Figure 1:

(a) Axial FLAIR MRI showed a hyperintense lesion in the tectal plate (white arrow). (b) Sagittal T2-weighted MRI showed the same lesion with aqueductal stenosis (white arrow head) and ventricular dilation with ballooning of the floor of the third ventricle.

 

One day during follow-up in the outpatient clinic, she visited the emergency room due to headache and vomiting. She was initially alert and her body temperature was 37.2°C, but her level of consciousness deteriorated (Glasgow Coma Scale score: 5 [E2V2M1]) and body temperature increased to 39.4°C soon after admission. Nuchal rigidity was also observed. Laboratory findings showed a marked increase in WBC count (2.01 × 103/µL) and neutrophil count (92.6%). CSF analysis revealed a markedly elevated cell count (20,310/µL), elevated protein level (2 mg/dL), and decreased CSF glucose (<5 mg/dL, serum glucose 123 mg/dL). CSF pressure was 9 cmH2O. FLAIR MRI showed a hyperintense cerebral sulcus and hyperintense intraventricular lesions relative to CSF, suggesting meningitis and ventriculitis. T2-weighted MRI revealed increased CSF accumulation in the left sphenoid sinus and posterior ethmoid sinus. CSF pressure on admission was not high and there was no ventricular enlargement, but repeated ventricular enlargement and shrinkage had been observed over the past 2 years [ Figure 2 ]. We considered this to be the reason for the transient remission of the symptom. The cause of the consciousness disorder was diagnosed as bacterial meningitis and ceftriaxone/vancomycin was soon administered intravenously. Three days later, the patient became alert. At this time, Streptococcus pneumoniae was detected in both blood and CSF cultures, and benzylpenicillin potassium (2.4 million U/day) was administered based on an antibiotic susceptibility test. After initiation of the antibiotic therapy, body temperature decreased and CSF analysis results gradually improved.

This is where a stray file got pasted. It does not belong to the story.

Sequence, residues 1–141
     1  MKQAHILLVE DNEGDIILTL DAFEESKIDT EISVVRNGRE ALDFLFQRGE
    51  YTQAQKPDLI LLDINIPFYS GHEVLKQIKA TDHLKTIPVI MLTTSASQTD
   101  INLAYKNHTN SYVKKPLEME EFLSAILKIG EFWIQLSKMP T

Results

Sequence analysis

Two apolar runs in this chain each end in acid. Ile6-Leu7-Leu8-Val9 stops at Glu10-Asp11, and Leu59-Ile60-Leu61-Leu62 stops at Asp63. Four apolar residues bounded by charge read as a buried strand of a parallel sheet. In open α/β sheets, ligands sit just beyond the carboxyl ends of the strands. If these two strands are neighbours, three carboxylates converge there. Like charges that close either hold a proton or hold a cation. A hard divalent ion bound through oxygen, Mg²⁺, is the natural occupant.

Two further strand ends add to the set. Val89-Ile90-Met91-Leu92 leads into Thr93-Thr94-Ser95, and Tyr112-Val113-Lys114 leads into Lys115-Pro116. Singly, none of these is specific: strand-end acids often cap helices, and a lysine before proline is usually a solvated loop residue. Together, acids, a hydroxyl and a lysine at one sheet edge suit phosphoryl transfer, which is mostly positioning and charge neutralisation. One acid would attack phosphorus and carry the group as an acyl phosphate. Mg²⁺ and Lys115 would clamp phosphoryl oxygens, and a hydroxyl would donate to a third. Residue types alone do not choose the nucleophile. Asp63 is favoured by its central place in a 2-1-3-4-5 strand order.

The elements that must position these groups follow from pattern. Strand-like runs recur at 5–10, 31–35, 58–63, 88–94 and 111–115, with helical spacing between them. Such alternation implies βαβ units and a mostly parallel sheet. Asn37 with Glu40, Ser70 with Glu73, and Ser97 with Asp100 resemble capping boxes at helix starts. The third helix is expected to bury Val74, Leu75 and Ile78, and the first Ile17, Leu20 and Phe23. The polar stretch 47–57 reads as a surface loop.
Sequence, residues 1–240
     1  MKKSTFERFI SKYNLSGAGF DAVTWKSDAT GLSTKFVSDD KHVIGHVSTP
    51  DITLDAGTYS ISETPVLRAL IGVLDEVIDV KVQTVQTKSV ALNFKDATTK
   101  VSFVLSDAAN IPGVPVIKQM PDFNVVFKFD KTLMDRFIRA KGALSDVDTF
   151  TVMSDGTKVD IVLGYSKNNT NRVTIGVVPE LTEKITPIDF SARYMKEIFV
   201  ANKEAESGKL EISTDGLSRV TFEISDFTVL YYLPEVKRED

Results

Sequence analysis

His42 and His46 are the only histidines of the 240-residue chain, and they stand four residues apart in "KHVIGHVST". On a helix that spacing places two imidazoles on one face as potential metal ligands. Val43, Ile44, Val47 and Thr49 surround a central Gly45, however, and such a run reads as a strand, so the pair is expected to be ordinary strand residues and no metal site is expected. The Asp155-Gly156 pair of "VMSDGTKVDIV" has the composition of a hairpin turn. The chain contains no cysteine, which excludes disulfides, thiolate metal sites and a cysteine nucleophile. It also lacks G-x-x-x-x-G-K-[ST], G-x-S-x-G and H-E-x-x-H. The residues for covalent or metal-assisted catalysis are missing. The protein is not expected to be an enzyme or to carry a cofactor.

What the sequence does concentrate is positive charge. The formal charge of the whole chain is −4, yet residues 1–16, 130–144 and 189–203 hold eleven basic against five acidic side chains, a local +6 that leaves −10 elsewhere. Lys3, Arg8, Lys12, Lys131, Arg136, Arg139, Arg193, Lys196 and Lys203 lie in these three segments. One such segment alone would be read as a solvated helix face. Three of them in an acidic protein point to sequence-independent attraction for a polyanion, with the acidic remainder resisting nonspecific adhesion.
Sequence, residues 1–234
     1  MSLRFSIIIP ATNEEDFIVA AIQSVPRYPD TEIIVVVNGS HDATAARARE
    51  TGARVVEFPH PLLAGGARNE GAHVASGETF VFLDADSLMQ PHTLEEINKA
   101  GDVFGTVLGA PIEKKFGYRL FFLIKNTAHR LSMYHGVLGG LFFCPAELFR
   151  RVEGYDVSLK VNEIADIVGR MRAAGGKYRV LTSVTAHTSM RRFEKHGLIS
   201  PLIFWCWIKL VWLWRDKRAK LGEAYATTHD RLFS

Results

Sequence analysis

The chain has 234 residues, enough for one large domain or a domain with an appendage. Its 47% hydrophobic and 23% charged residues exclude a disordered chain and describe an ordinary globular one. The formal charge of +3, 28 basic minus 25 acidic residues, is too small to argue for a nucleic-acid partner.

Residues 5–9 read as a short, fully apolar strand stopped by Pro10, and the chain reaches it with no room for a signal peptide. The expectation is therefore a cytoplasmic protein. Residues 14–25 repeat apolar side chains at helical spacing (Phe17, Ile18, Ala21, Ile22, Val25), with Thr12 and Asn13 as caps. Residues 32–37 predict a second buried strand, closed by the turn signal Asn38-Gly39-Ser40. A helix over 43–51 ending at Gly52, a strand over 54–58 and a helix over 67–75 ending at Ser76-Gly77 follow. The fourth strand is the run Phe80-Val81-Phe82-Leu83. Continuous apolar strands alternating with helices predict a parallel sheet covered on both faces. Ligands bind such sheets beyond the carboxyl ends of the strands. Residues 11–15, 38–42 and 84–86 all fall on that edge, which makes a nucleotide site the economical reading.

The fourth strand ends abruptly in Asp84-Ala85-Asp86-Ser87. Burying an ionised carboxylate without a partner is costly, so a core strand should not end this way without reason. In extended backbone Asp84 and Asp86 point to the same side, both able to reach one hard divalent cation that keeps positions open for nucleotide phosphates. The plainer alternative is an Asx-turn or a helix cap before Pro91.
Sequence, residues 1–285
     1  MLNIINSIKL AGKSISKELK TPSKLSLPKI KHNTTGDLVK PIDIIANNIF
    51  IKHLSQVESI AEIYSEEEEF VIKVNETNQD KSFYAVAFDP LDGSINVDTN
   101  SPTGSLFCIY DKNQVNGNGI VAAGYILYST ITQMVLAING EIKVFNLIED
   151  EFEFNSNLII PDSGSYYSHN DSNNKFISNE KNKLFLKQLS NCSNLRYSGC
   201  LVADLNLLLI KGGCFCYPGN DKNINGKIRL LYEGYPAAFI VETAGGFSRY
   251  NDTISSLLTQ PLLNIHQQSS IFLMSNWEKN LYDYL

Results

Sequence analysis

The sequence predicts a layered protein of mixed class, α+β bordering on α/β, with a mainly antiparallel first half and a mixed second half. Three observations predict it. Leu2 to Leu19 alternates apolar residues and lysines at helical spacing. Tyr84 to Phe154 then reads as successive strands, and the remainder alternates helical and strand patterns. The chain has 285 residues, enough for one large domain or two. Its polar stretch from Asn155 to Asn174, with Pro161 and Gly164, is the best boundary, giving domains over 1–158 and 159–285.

Figure 2:

(a and b) First visit day, (c and d) 14 months later, (e and f) 19 months later, (g and h) 22months later (admission day). (a, c, e, g) Axial FLAIR MRI showed change of the size of ventricles. (b, d, f, h)Axial T2-weighted MRI showed CSF accumulation (white arrow).

 

After recovery from meningitis, endoscopic third ventriculostomy (ETV) was performed for obstructive hydrocephalus with aqueductal stenosis. Biopsy of the tectal plate lesion was not performed because a tumor could not be identified during surgery. CSF leakage completely resolved after surgery [ Figure 3 ]. The patient was discharged to home and she has had no recurrence of hydrocephalus or rhinorrhea for 1 year.


Figure 3:

Postoperative magnetic resonance imaging (MRI). Axial T2-weighted MRI showed disappearance of cerebrospinal fluid leakage.

 

DISCUSSION

We encountered a case of bacterial meningitis resulting from nontraumatic CSF rhinorrhea with obstructive hydrocephalus secondary to aqueductal stenosis. The course of the patient suggested two important clinical lessons, as follows. First, chronically increased ICP can cause CSF rhinorrhea, and hydrocephalus has repeated remission and exacerbation according to CSF stagnation and leakage. Second, ETV can be effective for treating high-pressure CSF leakage and obstructive hydrocephalus with aqueductal stenosis.

Chronically increased ICP can cause CSF rhinorrhea. Thomson provided the first clear description and definition of spontaneous CSF rhinorrhea in 1899 and attempted to distinguish this condition from that caused by trauma.[ 17 ] Subsequently, Ommaya et al. introduced the term “nontraumatic CSF rhinorrhea” and classified this condition according to its mechanism.[ 14 ] CSF rhinorrhea most commonly occurs following trauma, and nontraumatic CSF rhinorrhea accounts for 3–4% of all cases.[ 10 ] Nontraumatic rhinorrhea is subdivided into “high-pressure leaks” and “normal pressure leaks:” high-pressure leaks include secondary to tumors or hydrocephalus, and normal pressure leaks include congenital anomalies or focal atrophy. In our case, the possibility of congenital anomalies is undeniable, but we possibly considered rhinorrhea caused by hydrocephalus resulting from aqueductal stenosis with suspect of tectal glioma because nasal discharge changed by progression of hydrocephalus. CSF pressure on admission was normal, this is because ICP decreased according to increased CSF leakage. CSF rhinorrhea associated with aqueductal stenosis is rare, with only 12 reported cases to date [ Table 1 ].[ 1 - 3 , 5 , 7 - 9 , 12 , 13 , 16 , 18 , 20 ]